Democrats scramble to protect abortion rights in liberal US states | Top news

SACRAMENTO, Calif. (Reuters) – In New York, lawmakers have introduced a bill to increase funding for abortion care. California lawmakers will soon vote on measures to increase the number of abortion providers. And Connecticut just passed a law to protect providers from lawsuits in states where abortion is banned.

With new urgency, Democratic lawmakers are acting to protect abortion access in their states after a draft leaked last week showed the U.S. Supreme Court was set to overturn the Roe ruling. v. Wade of 1973 which legalized abortion nationwide.

“There is no longer a critical issue,” said California Senate Leader Toni Atkins, a Democrat who ran reproductive health clinics before entering politics. “I hope this becomes a key issue of importance to everyone.”

Efforts to strengthen abortion rights stand in stark contrast to those in conservative states, where lawmakers promise to continue restrictions. Abortion will be banned or restricted in about 26 Republican-led states if the Supreme Court overturns federal constitutional protections in a ruling expected by the end of June.

U.S. Senate Democrats plan to force a vote on Wednesday on legislation codifying women‘s nationwide abortion rights, a protest move nearly doomed to failure.

At the state level, however, liberal and moderate politicians succeeded in enacting laws to expand and protect access to abortion in anticipation of the court ruling.

In Connecticut last week, Democratic Gov. Ned Lamont signed legislation to protect providers who perform abortions for patients traveling from states where the procedure has been banned or restricted, as well as the patients themselves.

A constitutional amendment protecting the right to abortion will be presented to voters in Vermont in November, and similar constitutional proposals are being considered in Washington state and California.

Some of the most aggressive steps to protect abortion rights have been taken in New York and California, two Democratic strongholds.

On Monday, Democratic lawmakers in New York announced a new bill to establish a program that would fund uninsured abortion care and provide grants to groups that help women traveling from other states to have an abortion.

New York Governor Kathy Hochul, a Democrat, on Tuesday ordered the state Department of Health to create a $25 million fund to support abortion providers. The Criminal Justice Division would offer an additional $10 million for security grants for reproductive health centers, she said.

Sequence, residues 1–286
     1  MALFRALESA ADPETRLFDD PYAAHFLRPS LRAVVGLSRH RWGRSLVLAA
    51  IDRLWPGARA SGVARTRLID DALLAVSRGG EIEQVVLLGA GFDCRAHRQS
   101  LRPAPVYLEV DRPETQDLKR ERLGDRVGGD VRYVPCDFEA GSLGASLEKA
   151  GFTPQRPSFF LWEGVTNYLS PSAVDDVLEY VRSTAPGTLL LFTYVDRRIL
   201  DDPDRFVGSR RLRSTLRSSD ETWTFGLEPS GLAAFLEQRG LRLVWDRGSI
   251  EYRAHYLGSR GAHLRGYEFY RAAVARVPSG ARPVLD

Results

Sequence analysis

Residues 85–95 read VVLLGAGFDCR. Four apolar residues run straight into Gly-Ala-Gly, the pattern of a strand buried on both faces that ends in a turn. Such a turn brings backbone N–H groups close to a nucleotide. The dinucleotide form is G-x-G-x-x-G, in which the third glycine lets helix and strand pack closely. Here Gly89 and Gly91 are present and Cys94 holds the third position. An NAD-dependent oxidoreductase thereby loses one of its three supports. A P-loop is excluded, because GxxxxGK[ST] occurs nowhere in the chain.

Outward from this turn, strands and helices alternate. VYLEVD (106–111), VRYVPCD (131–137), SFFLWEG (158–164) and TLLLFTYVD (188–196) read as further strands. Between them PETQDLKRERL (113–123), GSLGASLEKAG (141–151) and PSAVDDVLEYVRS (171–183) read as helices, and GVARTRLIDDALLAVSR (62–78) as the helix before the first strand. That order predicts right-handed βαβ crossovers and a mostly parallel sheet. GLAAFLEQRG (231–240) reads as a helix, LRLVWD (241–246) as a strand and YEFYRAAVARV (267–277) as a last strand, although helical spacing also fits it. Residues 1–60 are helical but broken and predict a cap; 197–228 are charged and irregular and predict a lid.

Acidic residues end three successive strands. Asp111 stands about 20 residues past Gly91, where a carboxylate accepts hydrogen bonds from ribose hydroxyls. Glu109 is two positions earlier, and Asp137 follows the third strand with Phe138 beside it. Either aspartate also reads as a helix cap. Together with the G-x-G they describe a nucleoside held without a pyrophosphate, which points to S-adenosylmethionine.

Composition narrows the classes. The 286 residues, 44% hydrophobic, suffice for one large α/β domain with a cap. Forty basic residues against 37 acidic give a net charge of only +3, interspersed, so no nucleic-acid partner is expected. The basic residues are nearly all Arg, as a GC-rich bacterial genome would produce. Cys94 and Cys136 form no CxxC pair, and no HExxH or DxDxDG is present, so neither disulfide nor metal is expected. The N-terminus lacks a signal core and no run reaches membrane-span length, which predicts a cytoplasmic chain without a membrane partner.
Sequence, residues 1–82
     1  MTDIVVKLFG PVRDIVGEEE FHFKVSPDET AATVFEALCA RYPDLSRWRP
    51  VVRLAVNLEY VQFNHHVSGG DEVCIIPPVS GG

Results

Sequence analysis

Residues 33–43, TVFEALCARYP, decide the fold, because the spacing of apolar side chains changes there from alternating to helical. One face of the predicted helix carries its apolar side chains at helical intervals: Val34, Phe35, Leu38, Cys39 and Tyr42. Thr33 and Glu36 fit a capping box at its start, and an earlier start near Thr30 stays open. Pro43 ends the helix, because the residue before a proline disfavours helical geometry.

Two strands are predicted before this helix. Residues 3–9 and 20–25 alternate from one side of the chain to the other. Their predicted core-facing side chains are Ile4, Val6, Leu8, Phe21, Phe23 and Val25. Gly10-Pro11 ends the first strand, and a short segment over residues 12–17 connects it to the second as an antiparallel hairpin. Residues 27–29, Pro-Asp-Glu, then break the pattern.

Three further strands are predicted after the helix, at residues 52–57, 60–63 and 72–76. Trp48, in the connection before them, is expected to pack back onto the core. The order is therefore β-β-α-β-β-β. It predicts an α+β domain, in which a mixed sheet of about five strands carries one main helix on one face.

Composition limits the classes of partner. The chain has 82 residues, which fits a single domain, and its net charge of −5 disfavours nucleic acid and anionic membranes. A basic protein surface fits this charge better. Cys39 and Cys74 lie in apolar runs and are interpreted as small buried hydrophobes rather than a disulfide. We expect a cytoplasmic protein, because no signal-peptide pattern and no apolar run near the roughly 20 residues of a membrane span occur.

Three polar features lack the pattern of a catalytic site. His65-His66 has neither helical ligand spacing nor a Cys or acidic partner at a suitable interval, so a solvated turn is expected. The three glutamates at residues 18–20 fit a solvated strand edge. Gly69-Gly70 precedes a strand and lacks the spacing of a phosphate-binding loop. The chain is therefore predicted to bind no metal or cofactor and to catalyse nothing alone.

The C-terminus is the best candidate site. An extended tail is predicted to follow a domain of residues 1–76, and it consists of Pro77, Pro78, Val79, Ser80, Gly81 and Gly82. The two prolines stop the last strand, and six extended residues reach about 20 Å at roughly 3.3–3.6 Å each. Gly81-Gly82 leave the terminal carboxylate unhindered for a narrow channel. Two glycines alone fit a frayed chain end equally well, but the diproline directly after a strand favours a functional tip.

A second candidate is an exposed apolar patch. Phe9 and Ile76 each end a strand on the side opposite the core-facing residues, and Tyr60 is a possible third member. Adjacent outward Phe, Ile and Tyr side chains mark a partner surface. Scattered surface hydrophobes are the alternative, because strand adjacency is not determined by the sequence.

Next week, the California legislature will hear a series of abortion bills that include a measure that would protect providers and patients from civil suits and financial retaliation for obtaining legal process in the state.

The legislation would also allow nurse practitioners to perform some abortions, expanding the ranks of providers at a time when thousands of women would have to travel to California from other states seeking care.

But actions to increase abortion protections in Democratic-led states have been overshadowed by new restrictions enacted in Republican-controlled states, according to the Guttmacher Institute, an abortion rights group. .

Conservative lawmakers passed 37 bills to restrict abortion access in 10 states this year, while only 14 measures to protect abortion were approved in eight states, Guttmacher data shows. Restrictive measures also far outpaced protective laws in 2021, the institute said.

Some conservative lawmakers and anti-abortion activists have said they want to go further — eliminating medical abortions via pills often obtained online and finding ways to extend abortion bans to states where the procedure remains legal.

Not all Republicans oppose abortion rights. Massachusetts Gov. Charlie Baker, a moderate Republican, said last week he was “open” to discussing protections for women who come to his state for abortions.

Sue Dunlap, president and CEO of Planned Parenthood in Los Angeles, said policymakers need to go beyond general state laws to consider the specifics of how women will actually be able to access abortion if they live in states where it is prohibited.

Much of this will be done at the local level, she said, as city officials will be called upon to provide services such as police protection for patients and providers.

“California and Los Angeles and others across the country have taken some very important first steps,” Dunlap said, “but I don’t feel like we’ve really tackled what’s to come.”

(Reporting by Sharon Bernstein; Additional reporting by Maria Caspani; Editing by Colleen Jenkins and Rosalba O’Brien)

Copyright 2022 Thomson Reuters.

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